Anecdotally, there are countless examples of musical performers having a potent impact on the individual and collective consciousness of their fans. Does your research provide any empirical evidence that the musical performers we adore and listen to frequently can shape the worldview or behavioral tendencies of their fan base on a neurophysiological level?
ZW: This is an important question in the psychology of music. It’s also probably the oldest: Plato talked about the power of certain kinds of music to influence behavior and outlook, even going as far in The Republic to propose that some music should be banned due to its potent effects. From the perspective of modern neuroscience, we now understand clearly that musical training and exposure can alter the physical structure of the brain.
As you noted in the last question, moreover, music can synchronize many individuals through mechanisms of rhythmic entrainment. This can provide people a sense of social harmonization and bonding. To be sure, there are numerous documented cognitive, sensory-motor, emotional, and social benefits to musical engagement, and musicians have clearly understood this for as long as humans have possessed music (that is, since the beginning of our species!).
There are a number of challenges associated with establishing a causal relationship between musical engagement and worldview/behavior. Our study (and many others using neuroimaging) explores correlations, not causations. However, when different behaviors interrelate, we can sometimes infer that they share an underlying structure or tendency. In this case, it would seem that two seemingly unrelated processes—empathy and music listening—may be related in terms of neural representation. Since empathy typically encompasses both a worldview and a basket of associated prosocial behaviors, it would seem that music, while not necessarily always “shaping” personality and perspectives directly, is capable of powerfully reinforcing these tendencies.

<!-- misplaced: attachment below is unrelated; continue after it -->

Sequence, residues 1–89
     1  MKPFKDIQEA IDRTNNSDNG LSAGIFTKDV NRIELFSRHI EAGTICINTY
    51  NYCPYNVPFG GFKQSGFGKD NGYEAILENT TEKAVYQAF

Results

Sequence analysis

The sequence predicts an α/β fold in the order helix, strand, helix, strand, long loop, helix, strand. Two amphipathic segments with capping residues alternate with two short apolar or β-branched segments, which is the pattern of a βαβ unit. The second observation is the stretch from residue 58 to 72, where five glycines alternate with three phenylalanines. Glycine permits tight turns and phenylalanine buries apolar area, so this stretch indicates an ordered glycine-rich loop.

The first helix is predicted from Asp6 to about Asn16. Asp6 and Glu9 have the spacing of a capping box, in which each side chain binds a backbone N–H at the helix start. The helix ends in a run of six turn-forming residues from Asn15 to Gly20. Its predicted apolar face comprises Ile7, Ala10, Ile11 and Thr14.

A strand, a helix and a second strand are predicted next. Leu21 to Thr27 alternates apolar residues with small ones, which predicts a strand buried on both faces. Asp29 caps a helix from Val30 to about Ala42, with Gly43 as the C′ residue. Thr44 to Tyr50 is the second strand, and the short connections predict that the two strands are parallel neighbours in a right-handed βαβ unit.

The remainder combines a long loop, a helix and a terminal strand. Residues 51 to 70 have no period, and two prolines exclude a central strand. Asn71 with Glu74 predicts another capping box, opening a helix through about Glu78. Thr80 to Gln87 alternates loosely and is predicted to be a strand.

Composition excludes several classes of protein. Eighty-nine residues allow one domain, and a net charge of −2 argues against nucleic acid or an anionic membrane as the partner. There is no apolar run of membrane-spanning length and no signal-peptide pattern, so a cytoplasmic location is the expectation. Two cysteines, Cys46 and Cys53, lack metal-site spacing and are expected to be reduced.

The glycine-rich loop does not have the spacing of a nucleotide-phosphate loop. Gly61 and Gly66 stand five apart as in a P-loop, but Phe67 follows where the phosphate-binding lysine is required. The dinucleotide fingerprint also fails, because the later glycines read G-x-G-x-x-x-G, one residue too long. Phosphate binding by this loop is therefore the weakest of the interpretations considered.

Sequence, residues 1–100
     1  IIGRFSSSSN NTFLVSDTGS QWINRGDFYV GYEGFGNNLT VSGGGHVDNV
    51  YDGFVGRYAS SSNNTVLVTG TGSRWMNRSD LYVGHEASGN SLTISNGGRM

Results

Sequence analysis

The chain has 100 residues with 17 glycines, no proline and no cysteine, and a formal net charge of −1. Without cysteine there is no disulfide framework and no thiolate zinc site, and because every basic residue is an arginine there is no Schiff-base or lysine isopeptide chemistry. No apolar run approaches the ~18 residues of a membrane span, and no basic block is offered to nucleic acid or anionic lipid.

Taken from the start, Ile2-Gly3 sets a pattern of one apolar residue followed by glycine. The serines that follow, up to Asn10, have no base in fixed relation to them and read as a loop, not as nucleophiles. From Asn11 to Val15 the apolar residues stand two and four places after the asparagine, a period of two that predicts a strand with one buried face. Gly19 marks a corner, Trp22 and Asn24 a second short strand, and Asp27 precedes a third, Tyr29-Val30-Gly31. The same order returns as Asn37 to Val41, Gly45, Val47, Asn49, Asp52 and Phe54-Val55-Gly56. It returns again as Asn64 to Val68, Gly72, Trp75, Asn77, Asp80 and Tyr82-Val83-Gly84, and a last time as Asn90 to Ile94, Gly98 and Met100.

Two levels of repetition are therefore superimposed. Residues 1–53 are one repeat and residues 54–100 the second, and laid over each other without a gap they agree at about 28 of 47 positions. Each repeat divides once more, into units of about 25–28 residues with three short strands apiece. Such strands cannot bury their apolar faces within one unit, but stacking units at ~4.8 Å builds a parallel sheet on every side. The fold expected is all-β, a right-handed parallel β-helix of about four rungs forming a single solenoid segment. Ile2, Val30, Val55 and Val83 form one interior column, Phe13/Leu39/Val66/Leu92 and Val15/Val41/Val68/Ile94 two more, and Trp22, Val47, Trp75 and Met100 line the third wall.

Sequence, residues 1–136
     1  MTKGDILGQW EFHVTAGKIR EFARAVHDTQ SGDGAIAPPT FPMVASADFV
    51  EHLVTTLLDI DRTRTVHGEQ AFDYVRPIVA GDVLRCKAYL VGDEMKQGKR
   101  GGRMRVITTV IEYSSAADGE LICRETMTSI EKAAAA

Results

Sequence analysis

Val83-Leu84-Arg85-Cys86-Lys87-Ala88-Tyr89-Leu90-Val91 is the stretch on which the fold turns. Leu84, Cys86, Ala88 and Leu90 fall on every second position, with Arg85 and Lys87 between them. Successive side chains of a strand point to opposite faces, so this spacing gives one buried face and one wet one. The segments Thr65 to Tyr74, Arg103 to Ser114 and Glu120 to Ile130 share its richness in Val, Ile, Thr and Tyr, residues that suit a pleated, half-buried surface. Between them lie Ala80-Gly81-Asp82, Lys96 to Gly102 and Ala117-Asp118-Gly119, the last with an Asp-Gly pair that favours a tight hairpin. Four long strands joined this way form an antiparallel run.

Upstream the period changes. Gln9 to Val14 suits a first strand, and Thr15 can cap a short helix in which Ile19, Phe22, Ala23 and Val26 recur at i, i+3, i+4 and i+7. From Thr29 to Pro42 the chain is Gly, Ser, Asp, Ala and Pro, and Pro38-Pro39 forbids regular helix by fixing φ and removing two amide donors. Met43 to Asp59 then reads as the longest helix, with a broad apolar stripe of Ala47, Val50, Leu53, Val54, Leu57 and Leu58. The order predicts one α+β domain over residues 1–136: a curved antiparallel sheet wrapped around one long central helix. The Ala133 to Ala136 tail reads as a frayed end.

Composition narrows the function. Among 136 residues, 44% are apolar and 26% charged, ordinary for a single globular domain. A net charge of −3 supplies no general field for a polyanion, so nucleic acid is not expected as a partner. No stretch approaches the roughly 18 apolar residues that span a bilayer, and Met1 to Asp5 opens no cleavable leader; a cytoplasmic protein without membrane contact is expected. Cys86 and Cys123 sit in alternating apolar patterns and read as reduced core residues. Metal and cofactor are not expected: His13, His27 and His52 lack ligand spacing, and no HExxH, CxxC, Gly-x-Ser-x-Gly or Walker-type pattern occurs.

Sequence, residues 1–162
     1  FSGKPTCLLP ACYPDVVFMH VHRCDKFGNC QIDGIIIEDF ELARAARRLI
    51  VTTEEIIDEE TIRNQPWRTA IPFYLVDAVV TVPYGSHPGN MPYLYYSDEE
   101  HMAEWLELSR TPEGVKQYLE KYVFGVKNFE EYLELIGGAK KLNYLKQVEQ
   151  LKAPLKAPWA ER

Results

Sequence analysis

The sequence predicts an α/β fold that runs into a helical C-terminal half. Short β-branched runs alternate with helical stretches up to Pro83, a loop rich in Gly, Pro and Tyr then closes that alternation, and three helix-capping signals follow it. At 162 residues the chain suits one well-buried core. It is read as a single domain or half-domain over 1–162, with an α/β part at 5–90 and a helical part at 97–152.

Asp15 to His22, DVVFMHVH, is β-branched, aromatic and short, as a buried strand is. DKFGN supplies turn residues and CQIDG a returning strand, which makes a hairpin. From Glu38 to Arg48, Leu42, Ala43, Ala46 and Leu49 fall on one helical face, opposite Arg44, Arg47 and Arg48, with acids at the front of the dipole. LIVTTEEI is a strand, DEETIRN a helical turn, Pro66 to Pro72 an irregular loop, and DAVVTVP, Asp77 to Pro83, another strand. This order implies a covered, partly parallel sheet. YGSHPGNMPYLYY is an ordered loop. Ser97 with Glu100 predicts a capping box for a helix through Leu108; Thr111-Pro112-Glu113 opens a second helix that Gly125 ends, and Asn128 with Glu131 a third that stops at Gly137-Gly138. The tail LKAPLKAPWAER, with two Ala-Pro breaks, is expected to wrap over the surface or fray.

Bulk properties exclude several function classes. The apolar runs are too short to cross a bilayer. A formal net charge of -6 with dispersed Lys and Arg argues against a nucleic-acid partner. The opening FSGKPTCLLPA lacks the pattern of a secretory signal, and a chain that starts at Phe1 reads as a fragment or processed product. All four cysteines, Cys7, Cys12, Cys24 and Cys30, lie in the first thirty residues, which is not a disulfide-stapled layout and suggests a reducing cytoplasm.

CB: As the father of a 10-year-old who was born in 2007, I try to encourage my daughter to listen to popular music that promotes loving-kindness and empathy. Of course, she’s old enough to self-select musical artists and genres that she inherently likes or dislikes. To my ears, so much of today’s popular music has a soul-less, computer-generated feeling and I can’t find much “there, there.” That being said, I know that some of your research focuses specifically on popular music in America after World War II (1946) and the influence of music in society over the past seventy years.
Through the lens of generational differences from the mid-20th century to current modern-day living: “Exhibit A” of popular music and society in early post-WW II society could be my mom and dad who were teenagers in the 1950s. A decade later, both of my parents strongly identified with the ‘love-peace-and-harmony’ empathic “Woodstock” music of the 1960s.